protected.” The Trustee cites this statement as evidence that Liberty knew
its disaggregation strategy was approaching the “substantially all” limit. Dr.
Malone and Liberty CEO Gregory Maffei testified at trial that they did not
believe Liberty was legally required to hold back Starz and cash from the
splitoff, but Liberty did so to protect itself during the height of the financial
crisis and reassure bondholders and lenders.
The LEI splitoff removed from Liberty’s balance sheet assets with a
book value of $14.2 billion, representing 23% of Liberty’s asset base as of
March 31, 2004. The splitoff also removed roughly $2.2 billion in shortterm debt that was attributable to LEI. DirecTV is now the world’s leading
provider of digital television entertainment services.
In 2009, DirecTV
reported assets with a book value of $18.26 billion, revenues of $21.57
billion, and operating profit of $2.67 billion.
Dr. Malone served as
Chairman of DirecTV until April 6, 2010.
Sirius And IAC
As the first decade of the new millennium wound down, Dr. Malone
and his team continued their deal-making. In February 2009, the ongoing
financial crisis created the opportunity to make a favorable investment in
Sirius XM Radio Inc. In return for a loan of $530 million, Liberty received
shares of Sirius XM preferred stock, convertible into a 40% common stock
interest, and a proportionate number of seats on Sirius XM’s board. Liberty
agreed to cap its stake at 50% until 2012. Sirius XM has since repaid the
loan, while Liberty continues to hold its equity stake.
In December 2010, Liberty engaged in another swap transaction.
Liberty exchanged its equity stake in InterActiveCorp (“IAC”), a company
controlled by Barry Diller, for sole ownership of IAC’s Evite.com and
Gifts.com businesses and approximately $220 million cash.
The Proposed Splitoff
In June 2010, Liberty announced the Capital Splitoff, in which Liberty
proposes to split off the businesses allocated to its Capital and Starz Groups
into SplitCo, a new public entity. SplitCo will own Starz Entertainment,
Starz Media, Liberty Sports Interactive, Inc., the Atlanta Braves, True
Position, Inc., and Liberty’s interest in Sirius XM. The assets to be split off
have a book value of $9.1 billion, representing 15% of Liberty’s total assets
as of March 2004. Dr. Malone is expected to serve as Chairman of the new
entity’s board, and Mr. Maffei is expected to serve as CEO.
After the Capital Splitoff, Liberty will hold the businesses attributed
to Liberty’s Interactive Group, consisting primarily of QVC, several ecommerce businesses (including Evite, Gifts.com, BuySeasons, and
Bodybuilding.com), and minority equity stakes in Expedia, the Home
Shopping Network (“HSN”), and Tree.com (which operates Lending Tree).
All outstanding debt securities issued by Liberty will remain obligations of
Liberty following the Capital Splitoff. Liberty’s board analyzed Liberty’s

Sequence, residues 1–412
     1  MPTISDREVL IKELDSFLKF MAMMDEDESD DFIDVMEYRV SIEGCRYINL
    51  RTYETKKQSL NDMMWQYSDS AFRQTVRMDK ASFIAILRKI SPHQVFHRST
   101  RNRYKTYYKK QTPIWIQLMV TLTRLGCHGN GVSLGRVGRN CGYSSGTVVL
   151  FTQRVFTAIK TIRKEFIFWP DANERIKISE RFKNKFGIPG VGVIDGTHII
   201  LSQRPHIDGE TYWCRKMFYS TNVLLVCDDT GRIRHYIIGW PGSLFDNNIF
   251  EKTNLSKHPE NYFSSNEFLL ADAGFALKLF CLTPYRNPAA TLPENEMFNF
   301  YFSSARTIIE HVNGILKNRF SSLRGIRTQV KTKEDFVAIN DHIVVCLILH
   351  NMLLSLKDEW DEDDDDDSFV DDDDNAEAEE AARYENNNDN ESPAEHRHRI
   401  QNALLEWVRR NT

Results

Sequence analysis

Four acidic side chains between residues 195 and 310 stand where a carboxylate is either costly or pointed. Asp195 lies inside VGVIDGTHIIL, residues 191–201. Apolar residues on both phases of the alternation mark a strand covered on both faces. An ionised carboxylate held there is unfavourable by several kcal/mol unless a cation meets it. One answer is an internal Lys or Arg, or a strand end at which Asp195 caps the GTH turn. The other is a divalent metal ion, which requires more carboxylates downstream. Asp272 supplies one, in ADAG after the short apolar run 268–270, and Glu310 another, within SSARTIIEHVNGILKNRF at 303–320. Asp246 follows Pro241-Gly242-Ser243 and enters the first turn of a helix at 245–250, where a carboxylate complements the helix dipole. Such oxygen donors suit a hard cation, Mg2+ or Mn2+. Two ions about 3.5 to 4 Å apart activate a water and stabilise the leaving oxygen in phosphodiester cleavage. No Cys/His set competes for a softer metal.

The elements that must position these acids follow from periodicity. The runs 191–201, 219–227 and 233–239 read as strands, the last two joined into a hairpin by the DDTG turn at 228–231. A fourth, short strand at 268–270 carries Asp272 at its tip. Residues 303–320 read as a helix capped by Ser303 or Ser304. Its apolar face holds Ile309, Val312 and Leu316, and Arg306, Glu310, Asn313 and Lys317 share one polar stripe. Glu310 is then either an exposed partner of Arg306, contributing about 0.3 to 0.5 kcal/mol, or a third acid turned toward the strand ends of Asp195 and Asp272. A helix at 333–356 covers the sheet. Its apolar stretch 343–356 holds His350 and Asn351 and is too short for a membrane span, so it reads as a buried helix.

ability to service its outstanding debt after the splitoff, including debt at the
QVC level and concluded that Liberty will have no difficulty servicing its
ISSUE ON APPEAL
The parties dispute whether Liberty will breach the Successor Obligor
Provision by disposing of substantially all its assets in a series of
transactions. It is undisputed, however, that the Capital Splitoff, standing
alone, does not constitute “substantially all” of Liberty’s assets.
threshold question is, therefore, whether the Capital Splitoff should be
aggregated with the prior spinoffs of LMI and Discovery and the splitoff of
The answer to that threshold question involves the construction of a
boilerplate successor obligor provision in an indenture governed by New
York law. That provision restricts Liberty’s ability to dispose of “all or
substantially all” of its assets unless the transferee assumes the Indenture
debt. The question presented has not been addressed by the New York
Court of Appeals, nor, to our knowledge, by any lower New York state
In the past, we have certified questions of first impression under New
York law to the New York Court of Appeals.3 In this case, certification is
not realistically possible because the parties have requested a decision within
one week of the oral argument before this Court. Consequently, as did the
Court of Chancery, we must predict what the law of New York would be on
this important question of first impression.
Standard of Review
The legal issue in this case presents a mixed question of law and fact.
The applicable standards of appellate review are well established.4 After a
trial, findings of historical fact are subject to the deferential “clearly
erroneous” standard of review.5 That deferential standard applies not only to
historical facts that are based upon credibility determinations but also to
findings of historical fact that are based on physical or documentary
evidence or inferences from other facts. Where there are two permissible
views of the evidence, the factfinder’s choice between them cannot be
Once the historical facts are established, the issue
becomes whether the trial court properly concluded that a rule of law is or is
Teachers’ Ret. Sys. of Louisiana v. PricewaterhouseCoopers LLP, 998 A.2d 280 (Del.
Hall v. State, 14 A.3d 512, 516-17 (Del. 2011).
not violated. Appellate courts review a trial court’s legal conclusions de
The Aggregation Principle
The Court of Chancery acknowledged that, as a theoretical matter, a
series of transactions can be aggregated for purposes of a “substantially all”